Division on Visual Impairments

VIDBE-Q 66.1 Winter 2021

A quarterly newsletter from the Council for Exceptional Children's Division on Visual Impairments containing practitioner tips for Teachers of Students with Visual Impairments, Certified Orientation and Mobility Specialists, and other professionals.

Issue link: http://dvi.uberflip.com/i/1324141

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Page 20 of 43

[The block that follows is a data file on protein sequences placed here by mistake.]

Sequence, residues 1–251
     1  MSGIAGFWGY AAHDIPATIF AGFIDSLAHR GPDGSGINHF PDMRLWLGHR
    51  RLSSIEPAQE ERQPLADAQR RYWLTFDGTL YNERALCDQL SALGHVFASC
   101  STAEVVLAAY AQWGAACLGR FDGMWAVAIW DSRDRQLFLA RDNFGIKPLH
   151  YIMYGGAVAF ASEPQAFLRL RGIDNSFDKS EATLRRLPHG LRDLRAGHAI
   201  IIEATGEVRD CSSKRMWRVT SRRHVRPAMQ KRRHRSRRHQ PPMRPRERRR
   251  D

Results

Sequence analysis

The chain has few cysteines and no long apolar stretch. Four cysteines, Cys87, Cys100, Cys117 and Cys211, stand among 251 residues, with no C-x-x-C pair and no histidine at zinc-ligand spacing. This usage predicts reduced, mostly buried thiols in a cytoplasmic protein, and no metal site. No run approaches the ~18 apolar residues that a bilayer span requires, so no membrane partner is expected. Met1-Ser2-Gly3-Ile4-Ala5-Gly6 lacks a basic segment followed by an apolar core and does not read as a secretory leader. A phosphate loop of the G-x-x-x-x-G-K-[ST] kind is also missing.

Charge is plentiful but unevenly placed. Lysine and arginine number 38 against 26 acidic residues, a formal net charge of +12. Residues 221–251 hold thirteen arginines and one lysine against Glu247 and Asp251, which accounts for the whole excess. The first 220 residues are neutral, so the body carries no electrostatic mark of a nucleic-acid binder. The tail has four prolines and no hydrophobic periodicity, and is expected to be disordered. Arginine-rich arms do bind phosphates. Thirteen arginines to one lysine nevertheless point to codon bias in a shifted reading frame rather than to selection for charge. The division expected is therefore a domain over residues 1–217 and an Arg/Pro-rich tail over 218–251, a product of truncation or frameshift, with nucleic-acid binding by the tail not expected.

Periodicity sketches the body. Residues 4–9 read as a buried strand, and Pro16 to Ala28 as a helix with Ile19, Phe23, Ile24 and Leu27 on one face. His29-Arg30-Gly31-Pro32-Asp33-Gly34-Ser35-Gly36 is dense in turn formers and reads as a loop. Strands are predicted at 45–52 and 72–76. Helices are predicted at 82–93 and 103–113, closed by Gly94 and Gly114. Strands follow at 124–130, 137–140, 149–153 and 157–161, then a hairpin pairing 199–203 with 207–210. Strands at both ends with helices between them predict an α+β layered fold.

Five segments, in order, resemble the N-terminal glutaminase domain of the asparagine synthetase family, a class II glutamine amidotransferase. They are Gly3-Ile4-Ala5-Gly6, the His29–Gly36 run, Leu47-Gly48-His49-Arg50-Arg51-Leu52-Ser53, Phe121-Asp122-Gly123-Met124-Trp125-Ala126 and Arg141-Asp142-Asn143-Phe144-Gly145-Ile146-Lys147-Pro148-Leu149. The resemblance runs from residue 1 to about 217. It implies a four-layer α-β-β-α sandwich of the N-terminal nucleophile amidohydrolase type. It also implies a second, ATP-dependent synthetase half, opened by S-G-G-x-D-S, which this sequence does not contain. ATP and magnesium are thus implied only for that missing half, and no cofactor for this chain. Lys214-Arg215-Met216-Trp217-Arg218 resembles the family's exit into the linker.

VIDBE-Q Volume 66 Issue 1 effectively teaching blind and visually impaired students from diverse cultural and linguistic backgrounds. Culturally Responsive Pedagogy (CRP) is a central theoretical underpinning of K-12 pedagogical reform efforts focused on improving educational success among students from historically underperforming racial and ethnic groups. The origin of CRP dates back nearly two decades to Dr. Gloria Ladson-Billings' (1992) landmark research on successful teachers of African American students. Ladson- Billings (1992) attributed the teachers' remarkable successes to what she called culturally relevant teaching, a model that empowers historically underperforming students of color academically, emotionally, socially, and politically. Ladson- Billings' (1992) framework posited three key tenets: a) educational success: maintaining high expectations and ample opportunities for learners to be successful; b) cultural competence: understanding and valuing one's own cultural background as well as the cultures of others; and c) critical consciousness: developing students' awareness of cultural norms, values, and institutions that produce and maintain inequities (Ladson-Billings, 1992). Over the past twenty years, a number of educational scholars have engaged and extended Ladson-Billings' original concept (Alim & Paris, 2017; Gay, 2010; Muhammad, 2020; Hammond, 2015). Notably, Gay (2010) presented CRP as a

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